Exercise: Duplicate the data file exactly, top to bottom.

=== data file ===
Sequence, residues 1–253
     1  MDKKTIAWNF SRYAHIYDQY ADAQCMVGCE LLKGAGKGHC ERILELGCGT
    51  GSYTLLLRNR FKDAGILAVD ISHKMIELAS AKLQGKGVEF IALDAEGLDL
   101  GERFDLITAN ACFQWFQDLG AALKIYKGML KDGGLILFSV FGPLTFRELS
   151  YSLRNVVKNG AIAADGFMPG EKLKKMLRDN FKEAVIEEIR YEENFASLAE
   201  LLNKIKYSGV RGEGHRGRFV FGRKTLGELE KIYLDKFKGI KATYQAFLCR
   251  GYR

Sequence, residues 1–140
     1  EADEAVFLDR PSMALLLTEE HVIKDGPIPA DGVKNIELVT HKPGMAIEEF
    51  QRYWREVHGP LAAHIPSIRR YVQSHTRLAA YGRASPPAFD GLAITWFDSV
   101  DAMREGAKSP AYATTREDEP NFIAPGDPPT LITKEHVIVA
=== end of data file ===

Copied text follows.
Sequence, residues 1–253
     1  MDKKTIAWNF SRYAHIYDQY ADAQCMVGCE LLKGAGKGHC ERILELGCGT
    51  GSYTLLLRNR FKDAGILAVD ISHKMIELAS AKLQGKGVEF IALDAEGLDL
   101  GERFDLITAN ACFQWFQDLG AALKIYKGML KDGGLILFSV FGPLTFRELS
   151  YSLRNVVKNG AIAADGFMPG EKLKKMLRDN FKEAVIEEIR YEENFASLAE
   201  LLNKIKYSGV RGEGHRGRFV FGRKTLGELE KIYLDKFKGI KATYQAFLCR
   251  GYR

Sequence, residues 1–140
     1  EADEAVFLDR PSMALLLTEE HVIKDGPIPA DGVKNIELVT HKPGMAIEEF
    51  QRYWREVHGP LAAHIPSIRR YVQSHTRLAA YGRASPPAFD GLAITWFDSV
   101  DAMREGAKSP AYATTREDEP NFIAPGDPPT LITKEHVIVA